What if everything you knew about personal training was incorrectimundo?

As for new horizons, I’m continuing my personal fitness journey. I’m changing my name to E-Shred and flogging protein powders over the internet. For teachers, of course. Oliver Caviglioli’s doing the graphics.[1]  ‘Input: protein powders. Output: tensile strength + six pack. Moderating influence: sitting on the sofa watching Married at First Sight Australia’. There’s my Hypertrophy Mindset range. Assessment for Lifting. But newbies after those elusive ‘Kill-a-Man’-Jaro biceps will have to fork out extra for Closing the Curling Gap. The best flavour? Marshmallow. Just shake and wait fifteen minutes.

Before leaving the profession, however, I have to review a book very close to my heart: What if everything you knew about education was wrong? So many fond memories. Being put on a support plan for not doing group work. Telling the head of the Willenhall SCITT to look at this rabbit – ‘see, it’s actually a duck. So maybe you were wrong about giving me a QTS.’ But mostly, the assurance of having this 409-page permission slip for sacking off cumbersome educational gimmickry. Cheers, David!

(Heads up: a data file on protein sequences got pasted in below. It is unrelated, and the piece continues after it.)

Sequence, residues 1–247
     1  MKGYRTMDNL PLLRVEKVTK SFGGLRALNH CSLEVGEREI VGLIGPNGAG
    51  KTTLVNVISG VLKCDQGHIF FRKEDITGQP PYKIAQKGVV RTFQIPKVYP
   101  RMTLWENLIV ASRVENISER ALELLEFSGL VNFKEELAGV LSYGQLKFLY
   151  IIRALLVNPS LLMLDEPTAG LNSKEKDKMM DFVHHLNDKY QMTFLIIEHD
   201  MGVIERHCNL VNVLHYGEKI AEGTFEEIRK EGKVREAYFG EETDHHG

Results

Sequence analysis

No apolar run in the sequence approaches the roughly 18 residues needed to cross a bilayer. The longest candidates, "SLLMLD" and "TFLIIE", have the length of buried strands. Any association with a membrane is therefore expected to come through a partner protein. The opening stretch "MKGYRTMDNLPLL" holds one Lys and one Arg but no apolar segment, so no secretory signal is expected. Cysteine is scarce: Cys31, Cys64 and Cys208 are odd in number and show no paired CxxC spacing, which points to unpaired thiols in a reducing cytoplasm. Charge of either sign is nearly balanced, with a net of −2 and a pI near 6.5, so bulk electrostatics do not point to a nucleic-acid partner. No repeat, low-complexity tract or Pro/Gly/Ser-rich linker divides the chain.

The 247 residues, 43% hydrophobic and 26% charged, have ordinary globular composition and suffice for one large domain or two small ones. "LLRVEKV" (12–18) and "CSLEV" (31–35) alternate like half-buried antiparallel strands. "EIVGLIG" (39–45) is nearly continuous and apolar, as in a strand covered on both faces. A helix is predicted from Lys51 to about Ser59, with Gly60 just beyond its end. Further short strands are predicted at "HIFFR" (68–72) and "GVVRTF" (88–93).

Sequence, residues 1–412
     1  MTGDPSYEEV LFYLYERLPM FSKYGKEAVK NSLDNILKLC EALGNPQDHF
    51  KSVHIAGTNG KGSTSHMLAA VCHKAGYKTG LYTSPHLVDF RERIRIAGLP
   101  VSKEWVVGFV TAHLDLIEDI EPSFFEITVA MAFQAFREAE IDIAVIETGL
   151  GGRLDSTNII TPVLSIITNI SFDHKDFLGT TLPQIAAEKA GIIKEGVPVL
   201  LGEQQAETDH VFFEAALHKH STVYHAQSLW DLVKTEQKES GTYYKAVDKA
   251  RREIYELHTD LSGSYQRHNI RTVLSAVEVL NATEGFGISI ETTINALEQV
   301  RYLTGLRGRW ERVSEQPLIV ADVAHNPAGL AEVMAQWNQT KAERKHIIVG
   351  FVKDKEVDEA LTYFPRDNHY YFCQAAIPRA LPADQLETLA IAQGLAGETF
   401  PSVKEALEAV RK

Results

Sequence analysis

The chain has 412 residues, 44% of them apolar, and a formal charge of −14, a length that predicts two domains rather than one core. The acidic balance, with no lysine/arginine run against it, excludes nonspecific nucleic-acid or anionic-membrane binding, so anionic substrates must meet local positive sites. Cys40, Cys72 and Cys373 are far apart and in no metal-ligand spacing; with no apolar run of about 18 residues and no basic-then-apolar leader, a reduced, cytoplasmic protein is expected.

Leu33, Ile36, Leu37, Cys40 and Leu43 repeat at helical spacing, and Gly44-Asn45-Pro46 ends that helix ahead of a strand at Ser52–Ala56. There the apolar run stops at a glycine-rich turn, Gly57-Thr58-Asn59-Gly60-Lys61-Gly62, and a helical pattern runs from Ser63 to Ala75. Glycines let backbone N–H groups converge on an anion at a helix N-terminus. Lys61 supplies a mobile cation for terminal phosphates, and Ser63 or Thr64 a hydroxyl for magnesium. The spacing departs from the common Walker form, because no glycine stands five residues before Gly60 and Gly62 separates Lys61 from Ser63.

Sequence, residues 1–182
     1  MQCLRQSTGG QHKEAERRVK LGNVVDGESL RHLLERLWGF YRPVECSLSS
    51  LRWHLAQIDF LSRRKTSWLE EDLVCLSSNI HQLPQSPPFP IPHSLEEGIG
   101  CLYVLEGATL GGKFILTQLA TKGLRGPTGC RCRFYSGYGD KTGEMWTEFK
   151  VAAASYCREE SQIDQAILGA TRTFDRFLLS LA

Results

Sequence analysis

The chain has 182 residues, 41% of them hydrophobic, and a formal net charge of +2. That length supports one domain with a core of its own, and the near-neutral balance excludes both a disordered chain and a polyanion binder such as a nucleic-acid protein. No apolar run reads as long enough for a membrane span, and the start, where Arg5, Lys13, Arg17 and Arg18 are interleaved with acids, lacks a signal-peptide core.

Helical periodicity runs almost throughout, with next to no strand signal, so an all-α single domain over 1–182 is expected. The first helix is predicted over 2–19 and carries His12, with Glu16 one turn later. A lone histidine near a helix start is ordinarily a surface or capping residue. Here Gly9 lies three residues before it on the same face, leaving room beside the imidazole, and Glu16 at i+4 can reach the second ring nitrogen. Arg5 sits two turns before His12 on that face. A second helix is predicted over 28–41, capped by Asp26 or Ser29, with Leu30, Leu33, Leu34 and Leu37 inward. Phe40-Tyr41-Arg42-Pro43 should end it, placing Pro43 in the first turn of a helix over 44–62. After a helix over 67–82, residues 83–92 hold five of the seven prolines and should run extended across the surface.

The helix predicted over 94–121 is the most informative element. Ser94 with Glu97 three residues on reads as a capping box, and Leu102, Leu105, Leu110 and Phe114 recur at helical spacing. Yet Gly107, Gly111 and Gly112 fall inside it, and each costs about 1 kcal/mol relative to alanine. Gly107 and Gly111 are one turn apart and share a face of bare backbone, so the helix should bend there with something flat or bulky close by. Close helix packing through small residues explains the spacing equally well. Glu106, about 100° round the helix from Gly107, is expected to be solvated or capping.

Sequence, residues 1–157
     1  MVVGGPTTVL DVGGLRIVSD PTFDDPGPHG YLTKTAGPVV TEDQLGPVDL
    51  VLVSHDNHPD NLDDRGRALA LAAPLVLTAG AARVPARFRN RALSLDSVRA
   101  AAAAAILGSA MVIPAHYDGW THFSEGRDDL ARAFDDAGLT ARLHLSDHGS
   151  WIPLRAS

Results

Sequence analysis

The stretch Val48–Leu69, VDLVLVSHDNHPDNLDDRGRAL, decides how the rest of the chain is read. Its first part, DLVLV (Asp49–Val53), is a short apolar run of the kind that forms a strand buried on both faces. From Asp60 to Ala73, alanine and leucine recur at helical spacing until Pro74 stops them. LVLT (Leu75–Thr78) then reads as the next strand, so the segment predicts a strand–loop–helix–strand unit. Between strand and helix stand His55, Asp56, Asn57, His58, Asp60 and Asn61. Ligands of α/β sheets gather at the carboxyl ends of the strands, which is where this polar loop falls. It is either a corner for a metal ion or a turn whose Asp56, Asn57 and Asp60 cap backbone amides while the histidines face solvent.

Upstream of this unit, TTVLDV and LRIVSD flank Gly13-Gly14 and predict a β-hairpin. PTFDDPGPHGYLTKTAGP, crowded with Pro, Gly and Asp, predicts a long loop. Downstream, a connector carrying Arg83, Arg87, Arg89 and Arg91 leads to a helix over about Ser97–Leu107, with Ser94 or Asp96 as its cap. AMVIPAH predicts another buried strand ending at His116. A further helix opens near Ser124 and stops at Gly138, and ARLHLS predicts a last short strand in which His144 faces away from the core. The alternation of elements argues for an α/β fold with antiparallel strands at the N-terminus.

We’ll start at page 162. ‘I get very excited about the idea of troublesome knowledge,’ he says. ‘Far from being something we should be alarmed about, Land suggests that knowledge should be troublesome and that teachers should be troublemakers.’ It’s why I became the Bad Boy of the Humanities. I wanted my kids to struggle with threshold concepts. Desirable difficulties. All that good stuff. I even stopped wearing a tie.[2] On a serious note, it was refreshing to hear this sort of narrative. Before, Wendy from ITT had smiled broadly at me and observed that it was so simple: ‘you were talking too much,’ she said, half an hour into lecturing me. Meanwhile, that evening at Leamington School, I would spend a CPD session modelling the school disability policy out of playdough. A man in a wheelchair, a staircase, and a red X over the latter. To this day, I still remember the Leamington School policy of not unnecessarily proliferating staircases.